UA to Offer Accredited Teacher Education Program Through UAF, UAS
ANCHORAGE –The University of Alaska Board of Regents voted 6-5 to provide initial teacher preparation programs in Anchorage through UAF and UAS. Education students will be able to remain in Anchorage to pursue their teaching degrees from accredited and approved programs. The programs would come under the direction of the University of Alaska Fairbanks and the University of Alaska Southeast, both of which offer accredited teacher preparation programs.
The recommendation from the UA President Jim Johnsen was the result of an expedited program review of the UAA teacher preparation programs completed in March. The recommendation did not support UAA’s request to seek reaccreditation of its teacher education programs, which lost accreditation in early January due to uncertainty regarding the the proposed accreditation and approval process. Johnsen stated that his recommendation “is the only way to provide a certain path for our students to licensure as a teacher from an accredited and approved program.
The board voted on Johnsen’s recommendation to discontinue only the initial licensure teacher education programs at UAA as of August 31, 2019 when State Board of Education licensing approval expires; and, it set up accredited teacher education programs in Anchorage – both face-to-face and online – through UAF and UAS.
“This path forward provides access to excellent education programs for students at all levels,” Johnsen said. “In the expedited program review, both UAF and UAS demonstrated the competence, capacity and creativity required to accommodate current and future student demand for all initial licensure programs affected by UAA’s loss of accreditation.”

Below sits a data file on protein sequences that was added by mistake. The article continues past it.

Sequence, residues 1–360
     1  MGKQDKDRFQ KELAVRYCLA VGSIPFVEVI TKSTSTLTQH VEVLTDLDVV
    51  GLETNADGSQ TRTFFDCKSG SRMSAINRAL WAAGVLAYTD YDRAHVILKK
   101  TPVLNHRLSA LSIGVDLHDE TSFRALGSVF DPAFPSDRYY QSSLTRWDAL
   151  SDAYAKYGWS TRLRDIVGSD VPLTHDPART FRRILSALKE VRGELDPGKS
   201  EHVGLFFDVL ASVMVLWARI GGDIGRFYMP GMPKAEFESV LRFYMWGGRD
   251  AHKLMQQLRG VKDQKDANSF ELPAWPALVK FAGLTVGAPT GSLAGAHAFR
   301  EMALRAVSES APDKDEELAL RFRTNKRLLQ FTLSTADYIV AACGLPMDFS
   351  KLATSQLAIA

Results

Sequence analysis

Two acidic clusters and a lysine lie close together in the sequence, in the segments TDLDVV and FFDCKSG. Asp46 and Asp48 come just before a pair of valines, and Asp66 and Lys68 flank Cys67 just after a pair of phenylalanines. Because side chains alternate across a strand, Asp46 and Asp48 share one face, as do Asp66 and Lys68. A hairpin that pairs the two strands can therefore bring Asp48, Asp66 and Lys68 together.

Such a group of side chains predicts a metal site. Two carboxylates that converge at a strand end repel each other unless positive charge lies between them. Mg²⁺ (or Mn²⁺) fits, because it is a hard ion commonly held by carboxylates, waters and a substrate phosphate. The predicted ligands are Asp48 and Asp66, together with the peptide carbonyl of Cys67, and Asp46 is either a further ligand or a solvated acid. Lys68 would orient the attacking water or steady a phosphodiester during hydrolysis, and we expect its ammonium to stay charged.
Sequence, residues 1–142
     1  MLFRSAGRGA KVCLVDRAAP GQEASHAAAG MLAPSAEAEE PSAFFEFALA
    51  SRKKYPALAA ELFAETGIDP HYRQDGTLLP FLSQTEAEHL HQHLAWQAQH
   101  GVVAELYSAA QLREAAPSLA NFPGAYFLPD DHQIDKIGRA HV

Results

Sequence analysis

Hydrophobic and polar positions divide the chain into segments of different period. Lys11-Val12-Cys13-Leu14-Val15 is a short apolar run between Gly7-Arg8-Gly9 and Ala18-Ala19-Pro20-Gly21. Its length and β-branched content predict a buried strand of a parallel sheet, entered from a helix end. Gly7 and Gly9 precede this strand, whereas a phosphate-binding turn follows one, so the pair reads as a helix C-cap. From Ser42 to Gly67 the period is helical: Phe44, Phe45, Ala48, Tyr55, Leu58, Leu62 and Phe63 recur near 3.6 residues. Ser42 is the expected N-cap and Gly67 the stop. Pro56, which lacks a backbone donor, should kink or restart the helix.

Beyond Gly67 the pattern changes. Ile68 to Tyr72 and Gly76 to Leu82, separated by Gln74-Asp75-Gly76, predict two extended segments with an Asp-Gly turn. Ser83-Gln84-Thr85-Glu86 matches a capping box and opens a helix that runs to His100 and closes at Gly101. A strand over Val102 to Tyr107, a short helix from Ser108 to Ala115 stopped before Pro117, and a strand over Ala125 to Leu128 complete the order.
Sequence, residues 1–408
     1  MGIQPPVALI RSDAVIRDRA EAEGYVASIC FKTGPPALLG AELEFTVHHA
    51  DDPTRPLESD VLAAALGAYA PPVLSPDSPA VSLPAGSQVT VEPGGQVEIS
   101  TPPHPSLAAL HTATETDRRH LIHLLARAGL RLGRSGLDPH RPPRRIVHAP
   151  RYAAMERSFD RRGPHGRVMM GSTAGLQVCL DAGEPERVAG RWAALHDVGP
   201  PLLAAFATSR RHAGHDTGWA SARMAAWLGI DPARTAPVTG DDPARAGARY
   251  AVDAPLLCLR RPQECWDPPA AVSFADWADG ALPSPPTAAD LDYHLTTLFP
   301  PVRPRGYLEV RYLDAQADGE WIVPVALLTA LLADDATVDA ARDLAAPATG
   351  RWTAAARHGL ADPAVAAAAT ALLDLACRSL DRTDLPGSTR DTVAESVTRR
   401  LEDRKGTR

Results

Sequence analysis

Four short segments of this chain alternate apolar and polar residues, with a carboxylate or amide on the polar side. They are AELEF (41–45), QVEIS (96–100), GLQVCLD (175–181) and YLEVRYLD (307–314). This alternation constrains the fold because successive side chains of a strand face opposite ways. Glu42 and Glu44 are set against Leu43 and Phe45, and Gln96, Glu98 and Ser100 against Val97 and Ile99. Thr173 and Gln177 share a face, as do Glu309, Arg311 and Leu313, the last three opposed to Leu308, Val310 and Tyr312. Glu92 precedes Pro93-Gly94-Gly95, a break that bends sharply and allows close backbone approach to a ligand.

“Resolving how best to provide this path has been our highest priority and we still have much work to do,” Johnsen said. “As of today, we can tell you that if you plan to seek a degree that leads to initial licensure for becoming a teacher, you can stay in Anchorage at UAA but you’ll need to transfer to either UAF or UAS depending on your program.”
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Johnsen said details will need to be worked out in the coming weeks and there will be a forum on April 12 for UAA students with UAF faculty to explore options and answer question. “Our goal is to give every student an optimal pathway to graduation and licensure in the State of Alaska. I have full confidence in our faculty’s ability to meet those needs,” he said.
The decision does not affect advanced teacher preparation programs.
The board also discussed the university’s FY20 budget and options under various funding scenarios including reductions, increased revenue
generation and restructuring possibilities. The board did not take action on the options proposed, and will meet again as the budget advances through the legislative process.
“Looking forward we have tied our goals to meet the state’s needs and opportunities while at the same time we prepare for the budget we might get, Johnsen said. “But there is huge uncertainty right now making it hard to plan.”
In This Issue
The Art of Architecture
Architects often find themselves facing something of a chicken and egg dilemma. When it comes to design, what takes precedence—form or function?
“It’s a great question, and it’s probably a loaded question,” says David McVeigh, president of RIM Architects. “You can ask ten different architects and get ten different answers.”
Many of the factors that influence those answers land outside the architect’s control. The client’s vision for the building, its location and intended use, the project budget, and whether the design must conform to specific guidelines are all details the architect must consider when determining how much emphasis to place on aesthetics and how much on function.